Community leader steps up to the plate

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March 16th, 2013

Omaha, NE – Students listened as Alesia Lester recalled some of the obstacles she faced as an Omaha teen. At 15 years-old, Lester discovered she was pregnant. It was a period in her life characterized by loneliness and a lack of direction.

[audio:https://kvnonews.com/wp-content/uploads/2013/03/final13.mp3]

Now, more than a decade later, Lester attributes her success as a local business owner to the power of motivation and perseverance in her time of trouble. This is just one of the stories from the first annual Urban Leadership Symposium. Thirty Omaha area students from the ages of 13-18 heard speakers and presenters including college students, local business owners, leaders of financial institutions and even a fire fighter. Jermaine Ballard, Site Director for community and schools at North High School spearheaded the conference. Ballard says his reasoning behind creating the seminar is simple – provide students with a positive message and let them know they aren’t alone.

Jermaine Ballard is the creator of the Urban Business Symposium (Photo Courtesy KVNO)

Jermaine Ballard is the creator of the Urban Leadership Symposium (Photo Courtesy KVNO)

“The whole reason for the symposium is to get young 13-18 year old connected with other young professionals in the community, who can offer something to them,” Ballard said. “Whether it’s about a different trade, being financially literate, building leadership skills, your image, how you carry yourself. I think a lot of kids just don’t get exposed to that enough,” Ballard said.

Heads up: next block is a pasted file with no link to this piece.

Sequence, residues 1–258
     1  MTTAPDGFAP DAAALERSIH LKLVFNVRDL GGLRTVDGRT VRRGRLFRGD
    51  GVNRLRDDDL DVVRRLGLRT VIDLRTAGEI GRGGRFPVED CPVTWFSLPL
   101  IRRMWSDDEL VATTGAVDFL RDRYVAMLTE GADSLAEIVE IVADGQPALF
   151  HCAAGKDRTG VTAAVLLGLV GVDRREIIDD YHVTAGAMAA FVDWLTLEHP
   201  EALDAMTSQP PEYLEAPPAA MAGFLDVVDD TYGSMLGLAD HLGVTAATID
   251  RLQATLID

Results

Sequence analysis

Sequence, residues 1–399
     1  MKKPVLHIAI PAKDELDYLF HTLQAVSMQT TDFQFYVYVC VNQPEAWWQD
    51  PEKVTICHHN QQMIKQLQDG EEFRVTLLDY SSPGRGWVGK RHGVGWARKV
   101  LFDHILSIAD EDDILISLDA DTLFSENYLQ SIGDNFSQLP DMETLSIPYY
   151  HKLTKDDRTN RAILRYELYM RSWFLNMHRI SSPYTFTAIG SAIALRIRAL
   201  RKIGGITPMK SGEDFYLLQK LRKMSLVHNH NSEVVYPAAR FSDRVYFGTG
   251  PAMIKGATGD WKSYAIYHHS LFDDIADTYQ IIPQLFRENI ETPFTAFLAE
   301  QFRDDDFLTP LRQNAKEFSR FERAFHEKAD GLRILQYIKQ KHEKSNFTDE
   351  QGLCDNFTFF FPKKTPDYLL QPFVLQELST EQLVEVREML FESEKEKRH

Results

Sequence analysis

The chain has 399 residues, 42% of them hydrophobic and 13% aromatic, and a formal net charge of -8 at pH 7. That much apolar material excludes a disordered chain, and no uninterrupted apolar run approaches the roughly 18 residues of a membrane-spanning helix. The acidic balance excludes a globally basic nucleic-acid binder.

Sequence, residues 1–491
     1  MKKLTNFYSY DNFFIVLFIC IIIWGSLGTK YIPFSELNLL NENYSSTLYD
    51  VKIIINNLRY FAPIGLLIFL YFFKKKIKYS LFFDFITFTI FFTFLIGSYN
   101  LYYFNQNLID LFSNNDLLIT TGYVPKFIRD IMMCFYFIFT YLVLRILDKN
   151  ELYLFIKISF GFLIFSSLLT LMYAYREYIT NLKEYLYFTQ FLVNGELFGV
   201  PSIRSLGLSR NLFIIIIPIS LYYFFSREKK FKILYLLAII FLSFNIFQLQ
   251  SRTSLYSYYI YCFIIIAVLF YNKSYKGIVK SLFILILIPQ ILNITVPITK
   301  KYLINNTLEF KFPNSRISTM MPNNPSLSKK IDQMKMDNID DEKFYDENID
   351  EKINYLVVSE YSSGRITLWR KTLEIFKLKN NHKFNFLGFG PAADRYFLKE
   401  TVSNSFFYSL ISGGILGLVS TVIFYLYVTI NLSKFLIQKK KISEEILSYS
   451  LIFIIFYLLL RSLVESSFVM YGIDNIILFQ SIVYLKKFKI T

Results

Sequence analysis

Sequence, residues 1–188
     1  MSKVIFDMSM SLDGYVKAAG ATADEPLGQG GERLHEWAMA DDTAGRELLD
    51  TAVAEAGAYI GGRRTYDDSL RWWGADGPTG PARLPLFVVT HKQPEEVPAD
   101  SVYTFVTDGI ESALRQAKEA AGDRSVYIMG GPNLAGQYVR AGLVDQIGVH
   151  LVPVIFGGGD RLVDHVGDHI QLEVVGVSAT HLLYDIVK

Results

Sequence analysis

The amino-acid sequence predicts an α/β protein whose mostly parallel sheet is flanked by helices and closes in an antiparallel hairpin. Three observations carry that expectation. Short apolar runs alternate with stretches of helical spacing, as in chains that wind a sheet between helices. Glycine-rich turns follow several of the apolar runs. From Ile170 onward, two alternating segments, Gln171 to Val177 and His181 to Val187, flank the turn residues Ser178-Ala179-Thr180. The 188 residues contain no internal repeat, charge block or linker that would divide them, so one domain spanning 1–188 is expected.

Speakers interacted with students using skits, demonstrations and in-depth dialogue. Willie Barney, President of the Empowerment Network says being able to empathize with the speakers has a profound impact on the teens. Barney also says this type of engagement is nothing but beneficial for Omaha.

“We are already starting to see an impact,” Barney said. “A lot of times it’s not covered very well, but we are seeing graduation rates starting to go up, we are seeing gun assaults starting to go down, we are seeing new homes develop, he said. “We are seeing a new energy level, people don’t always agree, but you are seeing a different energy level across the city where more people are getting engaged. People are becoming mentors, more people are working in the schools, and people are joining their neighborhood association,” Barney said. “So there is a movement afoot. But I think with this were you are reaching middle and high school students and then connecting them with people in their 20’s and 30’s, it’s a powerful, powerful way to get things done,” Barney said.

Willie Barney of the Empowerment Network attended the Symposium (Photo Courtesy KVNO)

Willie Barney of the Empowerment Network attended the Symposium (Photo Courtesy KVNO)

Tre’ Johnson a sophomore at Benson High Magnet Center attended the Symposium, he says he is glad he went because he was able to relate to the speakers.

“It means a lot,” Johnson said. “Because you have someone in your face talking to you trying to make you better, but then you have someone who is doing the same things or been through the same things you’ve been through or are going through now, and to see the outcome of what can be if you do choose the right way. So it helps a lot to me and it’s really good to hear it,” Johnson said.

Stacy Henry, Special Assistant to the Mayor for Urban Affairs and Community Engagement says she would encourage others to join in and mentor someone. Henry also says seeing events like the leadership symposium, excites her for the future of Omaha.

“Not all of our young people are bad,” Henry said. ‘It’s a small portion of the kids in our community that are causing a lot of the problems,” she said. “And so, for the most part we have a lot of good kids who are doing the right thing. And we need to do what we can to continue to invest in these kids, whether that be through helping them find employment, education, training, mentor ship or just a person that is willing to stop to have a conversation with them and let them know that they matter,” she said. “Any opportunity we have to make a difference in a young person’s life we need to take advantage of that,” Henry said.

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